In nature vs. nurture, we’re taught to instinctively see imperfections as problematic. By definition, the decreased potential for absolute perfection is supposed to degrade some amount of personal, aesthetic, or spiritual value, but that also makes the assumption things are wholly perfect to begin with.
Our aspiration is to “age gracefully,” most often judged by our ability to maintain a youthful appearance against the inevitability of time. It’s an irony that has us staring in the mirror searching for gray hairs to pluck or wrinkles to moisturize out of existence. With the right attitude, these can actually rail against the presumed purpose of these commonly-assumed “negative” changes: they’re perfections of the human body, physically reminding us of our experiences and memories and where and how we’ve lived. It’s just awkward carbon dating considering all the ways we’re taught to minimize their appearance.
A natural decay is seen as a problem, but shows how perfectly imperfect we become.
It’s the end of the summer and everywhere on the planet recently finished the hottest month in the history of human existence. That is not perfect, an issue of our own condition creating the imperfect living conditions we are increasingly made to reconcile with. How that impacts the natural world is hard to miss, most notably with the dirt-packed ground, the earth shattering more easily than ever to show miniature trenches dug out by dry days, clear skies and scorching sun.
The spaces that appear in the earth have caught my attention. Thin, narrow channels traversing as much space as they’re allowed, open pockets waiting to be filled. So many imperfections in what otherwise yearns to be normal, full, compacted ground.
An unfortunate context around these climate changes is how it becomes more normal. The idea of “perfect” may be wired to “good,” but it can also mean an ideal state given what’s allowed or simply “perfect” in the best possible scenario of that moment in time. It’s a hopelessly optimistic act to see these blazed natural spaces as “perfect” given the obvious route that got us here, a path literally and figuratively littered with carelessness for the world around us. But what remains on these sun-drenched days acts as a reminder of what we have to do or try to do or want to try to do. Sometimes all we have is hopeless optimism and the best we can do is soak it up like the rays that tan our skin and bake our earth.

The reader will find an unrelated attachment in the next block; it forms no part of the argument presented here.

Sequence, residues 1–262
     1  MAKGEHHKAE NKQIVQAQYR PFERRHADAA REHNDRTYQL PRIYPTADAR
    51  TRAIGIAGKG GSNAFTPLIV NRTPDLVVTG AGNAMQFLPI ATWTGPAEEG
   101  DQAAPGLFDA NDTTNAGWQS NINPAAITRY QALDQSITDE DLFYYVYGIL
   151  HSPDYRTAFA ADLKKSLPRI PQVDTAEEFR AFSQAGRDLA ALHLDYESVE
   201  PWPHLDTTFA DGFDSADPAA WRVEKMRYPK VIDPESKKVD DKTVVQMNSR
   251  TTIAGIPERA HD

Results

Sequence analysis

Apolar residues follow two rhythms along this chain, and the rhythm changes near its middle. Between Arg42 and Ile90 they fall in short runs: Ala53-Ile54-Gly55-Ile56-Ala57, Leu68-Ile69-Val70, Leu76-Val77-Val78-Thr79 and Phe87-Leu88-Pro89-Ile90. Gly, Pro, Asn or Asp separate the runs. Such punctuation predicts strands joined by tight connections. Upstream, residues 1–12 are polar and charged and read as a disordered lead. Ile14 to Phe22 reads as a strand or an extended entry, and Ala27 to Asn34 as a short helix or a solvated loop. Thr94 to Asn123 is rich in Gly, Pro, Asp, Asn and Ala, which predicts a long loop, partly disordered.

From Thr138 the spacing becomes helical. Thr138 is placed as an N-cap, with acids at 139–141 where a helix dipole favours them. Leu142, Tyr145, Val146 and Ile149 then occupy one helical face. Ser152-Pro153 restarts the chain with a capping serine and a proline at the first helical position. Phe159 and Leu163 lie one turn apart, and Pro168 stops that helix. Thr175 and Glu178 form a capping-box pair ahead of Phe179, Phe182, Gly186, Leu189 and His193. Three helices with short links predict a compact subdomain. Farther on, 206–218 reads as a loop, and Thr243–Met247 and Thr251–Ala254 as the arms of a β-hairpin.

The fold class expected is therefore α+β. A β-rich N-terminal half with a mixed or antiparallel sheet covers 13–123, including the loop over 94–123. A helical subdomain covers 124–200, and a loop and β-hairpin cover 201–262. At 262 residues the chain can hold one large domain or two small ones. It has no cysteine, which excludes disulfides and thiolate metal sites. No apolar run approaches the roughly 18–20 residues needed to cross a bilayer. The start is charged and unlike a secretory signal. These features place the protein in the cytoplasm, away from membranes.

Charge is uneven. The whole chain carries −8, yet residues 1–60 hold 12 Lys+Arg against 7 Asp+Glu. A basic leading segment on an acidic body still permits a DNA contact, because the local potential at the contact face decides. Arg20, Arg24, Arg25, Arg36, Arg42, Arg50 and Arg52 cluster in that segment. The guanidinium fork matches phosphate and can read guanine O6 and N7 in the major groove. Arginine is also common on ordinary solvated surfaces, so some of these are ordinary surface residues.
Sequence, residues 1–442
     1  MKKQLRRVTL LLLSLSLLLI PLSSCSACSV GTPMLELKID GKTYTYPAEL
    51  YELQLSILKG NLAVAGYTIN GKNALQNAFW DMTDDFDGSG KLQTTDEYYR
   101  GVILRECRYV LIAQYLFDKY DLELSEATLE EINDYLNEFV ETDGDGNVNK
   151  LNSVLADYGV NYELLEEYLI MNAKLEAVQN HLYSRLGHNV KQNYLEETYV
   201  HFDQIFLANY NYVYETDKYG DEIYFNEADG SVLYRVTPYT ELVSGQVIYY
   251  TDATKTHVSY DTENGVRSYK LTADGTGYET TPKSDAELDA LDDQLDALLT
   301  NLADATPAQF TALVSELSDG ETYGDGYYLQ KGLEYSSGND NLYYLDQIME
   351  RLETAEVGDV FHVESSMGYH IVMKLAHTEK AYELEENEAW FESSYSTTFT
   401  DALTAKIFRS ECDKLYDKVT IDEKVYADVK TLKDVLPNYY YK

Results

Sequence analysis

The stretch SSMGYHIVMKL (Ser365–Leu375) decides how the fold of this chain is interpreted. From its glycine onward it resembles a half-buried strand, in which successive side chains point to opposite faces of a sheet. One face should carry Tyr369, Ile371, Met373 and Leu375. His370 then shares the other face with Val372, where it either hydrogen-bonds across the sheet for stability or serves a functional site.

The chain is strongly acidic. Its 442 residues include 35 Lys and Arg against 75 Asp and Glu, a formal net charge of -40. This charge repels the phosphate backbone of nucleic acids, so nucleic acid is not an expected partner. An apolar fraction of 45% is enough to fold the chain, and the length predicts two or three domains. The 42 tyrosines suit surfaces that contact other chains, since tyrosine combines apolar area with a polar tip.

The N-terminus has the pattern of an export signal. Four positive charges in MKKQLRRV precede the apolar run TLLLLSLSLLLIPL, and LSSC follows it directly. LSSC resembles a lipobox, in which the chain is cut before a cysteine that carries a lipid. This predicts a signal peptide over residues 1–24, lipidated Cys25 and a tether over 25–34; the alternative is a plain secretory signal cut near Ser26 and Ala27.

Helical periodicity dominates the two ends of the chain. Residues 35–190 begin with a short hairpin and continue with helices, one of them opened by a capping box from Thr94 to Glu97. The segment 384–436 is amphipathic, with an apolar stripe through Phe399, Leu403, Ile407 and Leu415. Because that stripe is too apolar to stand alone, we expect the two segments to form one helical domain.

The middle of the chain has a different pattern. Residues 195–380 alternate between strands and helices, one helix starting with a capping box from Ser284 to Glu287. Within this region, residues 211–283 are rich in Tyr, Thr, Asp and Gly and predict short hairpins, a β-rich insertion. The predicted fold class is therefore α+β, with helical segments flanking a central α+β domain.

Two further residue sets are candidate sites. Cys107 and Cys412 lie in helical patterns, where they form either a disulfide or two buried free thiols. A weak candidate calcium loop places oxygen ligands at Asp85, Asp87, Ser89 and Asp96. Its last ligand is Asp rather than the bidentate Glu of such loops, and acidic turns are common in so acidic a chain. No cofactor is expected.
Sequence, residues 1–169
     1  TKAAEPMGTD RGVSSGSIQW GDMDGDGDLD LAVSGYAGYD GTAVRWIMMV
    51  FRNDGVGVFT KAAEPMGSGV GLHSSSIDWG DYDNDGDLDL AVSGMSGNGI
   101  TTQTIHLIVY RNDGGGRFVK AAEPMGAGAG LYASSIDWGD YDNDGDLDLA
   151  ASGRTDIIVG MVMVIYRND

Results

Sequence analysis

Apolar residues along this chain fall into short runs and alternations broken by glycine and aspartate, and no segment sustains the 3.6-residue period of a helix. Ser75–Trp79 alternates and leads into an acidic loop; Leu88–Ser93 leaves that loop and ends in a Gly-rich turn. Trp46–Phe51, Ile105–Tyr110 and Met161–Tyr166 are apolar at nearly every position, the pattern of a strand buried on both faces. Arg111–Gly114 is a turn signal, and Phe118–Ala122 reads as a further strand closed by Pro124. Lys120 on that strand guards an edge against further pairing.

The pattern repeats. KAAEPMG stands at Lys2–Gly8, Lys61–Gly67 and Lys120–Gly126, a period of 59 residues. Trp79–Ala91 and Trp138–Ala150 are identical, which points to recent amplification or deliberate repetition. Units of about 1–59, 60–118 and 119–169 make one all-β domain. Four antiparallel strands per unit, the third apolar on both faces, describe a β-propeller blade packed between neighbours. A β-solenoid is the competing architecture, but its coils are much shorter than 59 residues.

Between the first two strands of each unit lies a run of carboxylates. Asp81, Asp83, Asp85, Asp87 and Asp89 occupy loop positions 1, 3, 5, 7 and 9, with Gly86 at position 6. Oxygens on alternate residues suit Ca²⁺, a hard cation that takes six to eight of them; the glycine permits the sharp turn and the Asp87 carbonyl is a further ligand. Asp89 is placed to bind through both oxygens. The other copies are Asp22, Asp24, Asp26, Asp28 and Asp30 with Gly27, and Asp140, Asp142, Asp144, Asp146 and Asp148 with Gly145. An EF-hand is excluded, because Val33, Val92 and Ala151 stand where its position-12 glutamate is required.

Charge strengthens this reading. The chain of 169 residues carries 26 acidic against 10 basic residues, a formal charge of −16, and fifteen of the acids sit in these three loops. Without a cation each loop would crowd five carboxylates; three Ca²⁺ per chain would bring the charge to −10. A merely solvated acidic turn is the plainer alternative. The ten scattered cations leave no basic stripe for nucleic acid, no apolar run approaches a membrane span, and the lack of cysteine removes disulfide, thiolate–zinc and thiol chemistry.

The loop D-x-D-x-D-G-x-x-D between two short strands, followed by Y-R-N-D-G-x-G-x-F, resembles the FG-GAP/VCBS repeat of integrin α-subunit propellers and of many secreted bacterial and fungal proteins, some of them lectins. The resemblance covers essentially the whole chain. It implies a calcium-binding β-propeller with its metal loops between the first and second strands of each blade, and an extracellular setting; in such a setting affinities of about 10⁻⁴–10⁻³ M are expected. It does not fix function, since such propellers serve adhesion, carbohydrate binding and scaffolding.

If perfection is matter of state – an assumed reflection of an apex of aesthetic or art or creation – there will always be a moment in which we get to subjectively choose what that state will be. Perfection has never been an objective act. Even numerical scores climbing all the way to 100 are given by judges influenced by their own quirks. Time to embrace my own.
As I looked at the broken dirt recently, it was hard to not think about what was once likely considered perfectly manicured grass, a sea of green hiding a dark brown ground full of moisture and life. Devoid of that now, I wish for it to be seen with some kind of perfection, a chance necessitated by this moment in time and all the environmental and human factors around it.
The cracks were what happened when life got in the way of certainty, opening space to refill with what’s next.